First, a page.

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Sequelae of Foreign Bodies in the Wrist and Hand
Vishnu C. Potini, MD; Ramces Francisco, MD; Benhoor Shamian, MD; Virak Tan, MD;
University of Medicine and Dentistry of New Jersey- New Jersey Medical School

Introduction: Penetrating injuries to the hand are a common occurrence in the emergency room, and embedment of foreign bodies is suspected in many of these cases. The existing literature offers little information on retained foreign bodies. The aim of this study was to identify characteristics, determine prevalence, and observe outcomes for retained foreign bodies in the wrist and hand.

Materials and Methods: Four hundred thirty-seven consecutive hand and wrist radiographs in 437 patients from the emergency department of a level 1 trauma center were reviewed for the presence of retained foreign bodies. Patient demographics, mechanism of injury, associated injuries and treatment were obtained from medical records. Location, size, number, and type of foreign body were recorded. All subsequent hospital admissions, emergency department, and outpatient visits were reviewed for complications related to the foreign body.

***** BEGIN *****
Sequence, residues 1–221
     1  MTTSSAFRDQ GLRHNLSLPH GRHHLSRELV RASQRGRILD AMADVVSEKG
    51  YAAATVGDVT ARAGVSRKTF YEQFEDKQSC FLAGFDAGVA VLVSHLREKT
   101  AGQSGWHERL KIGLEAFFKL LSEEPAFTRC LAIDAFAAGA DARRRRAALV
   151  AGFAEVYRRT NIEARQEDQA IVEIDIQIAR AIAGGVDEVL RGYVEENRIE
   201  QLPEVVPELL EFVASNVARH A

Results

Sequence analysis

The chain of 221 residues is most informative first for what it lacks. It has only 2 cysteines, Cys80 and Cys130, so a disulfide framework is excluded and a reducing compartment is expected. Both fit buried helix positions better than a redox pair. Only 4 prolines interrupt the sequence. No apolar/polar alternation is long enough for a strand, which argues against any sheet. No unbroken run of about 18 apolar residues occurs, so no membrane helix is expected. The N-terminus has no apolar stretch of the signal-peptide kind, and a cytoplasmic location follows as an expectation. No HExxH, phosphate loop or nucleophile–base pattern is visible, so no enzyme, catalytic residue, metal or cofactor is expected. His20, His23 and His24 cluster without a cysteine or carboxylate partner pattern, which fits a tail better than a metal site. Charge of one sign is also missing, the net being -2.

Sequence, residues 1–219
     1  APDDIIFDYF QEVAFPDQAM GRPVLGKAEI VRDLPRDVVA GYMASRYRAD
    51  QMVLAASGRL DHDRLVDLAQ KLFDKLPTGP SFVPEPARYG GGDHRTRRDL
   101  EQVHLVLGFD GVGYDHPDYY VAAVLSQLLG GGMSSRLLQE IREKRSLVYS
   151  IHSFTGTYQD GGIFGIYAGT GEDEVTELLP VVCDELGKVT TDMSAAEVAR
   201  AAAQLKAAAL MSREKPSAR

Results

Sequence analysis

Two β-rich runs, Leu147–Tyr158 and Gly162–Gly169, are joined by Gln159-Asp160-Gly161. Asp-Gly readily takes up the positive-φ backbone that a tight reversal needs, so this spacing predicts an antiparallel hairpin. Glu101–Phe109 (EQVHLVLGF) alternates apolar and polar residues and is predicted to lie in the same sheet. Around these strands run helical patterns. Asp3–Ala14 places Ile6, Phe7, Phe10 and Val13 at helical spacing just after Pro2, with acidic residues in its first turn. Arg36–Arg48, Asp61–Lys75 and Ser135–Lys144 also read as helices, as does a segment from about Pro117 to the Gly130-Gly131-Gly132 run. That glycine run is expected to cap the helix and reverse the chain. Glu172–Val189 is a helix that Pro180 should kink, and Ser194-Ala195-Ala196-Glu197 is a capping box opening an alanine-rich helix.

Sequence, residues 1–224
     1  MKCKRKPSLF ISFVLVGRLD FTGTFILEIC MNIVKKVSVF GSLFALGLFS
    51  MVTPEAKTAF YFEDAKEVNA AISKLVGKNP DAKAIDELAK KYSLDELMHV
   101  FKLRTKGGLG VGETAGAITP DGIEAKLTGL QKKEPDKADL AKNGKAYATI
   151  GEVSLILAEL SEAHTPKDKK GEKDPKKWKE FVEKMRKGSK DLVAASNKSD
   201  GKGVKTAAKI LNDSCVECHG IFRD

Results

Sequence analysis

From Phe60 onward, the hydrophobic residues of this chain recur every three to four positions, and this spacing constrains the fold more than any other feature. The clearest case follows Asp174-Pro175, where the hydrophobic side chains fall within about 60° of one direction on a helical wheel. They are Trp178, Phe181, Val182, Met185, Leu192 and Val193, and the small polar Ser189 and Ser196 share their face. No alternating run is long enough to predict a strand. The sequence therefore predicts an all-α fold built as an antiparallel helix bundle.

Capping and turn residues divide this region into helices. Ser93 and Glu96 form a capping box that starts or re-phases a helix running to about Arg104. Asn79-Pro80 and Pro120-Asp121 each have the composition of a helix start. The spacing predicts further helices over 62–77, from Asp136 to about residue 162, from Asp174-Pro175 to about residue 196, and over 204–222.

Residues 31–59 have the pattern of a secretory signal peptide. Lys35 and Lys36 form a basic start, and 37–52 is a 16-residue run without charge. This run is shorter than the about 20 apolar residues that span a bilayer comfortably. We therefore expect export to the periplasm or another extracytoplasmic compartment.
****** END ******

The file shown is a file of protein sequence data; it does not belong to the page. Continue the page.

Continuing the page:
Results: Of the 437 cases, 65 patients (15%) had at least one retained foreign body. Nineteen of the 65 (29%) patients underwent removal of the foreign body at initial presentation, with removal performed in the emergency room for 15 patients. The average size of foreign bodies removed was 6 mm (range, 1-23mm; SD, 5mm), compared to 3 mm (range, 1-22 mm; SD, 4mm) for those left in situ, p=0.03. Forty-eight percent of the patients with glass foreign body underwent removal at time of presentation. In the 46 patients where the foreign body was left in situ, only two (4%) developed complications directly related to the retained foreign body. One of these patients underwent removal.

Conclusion: Based on our data, we only recommend removal of foreign bodies that are easily accessible, or as a part of a broader procedure to repair injured structures. Otherwise, we advocate expectant management for most patients, as only 2% of retained foreign bodies required removal at a later date.


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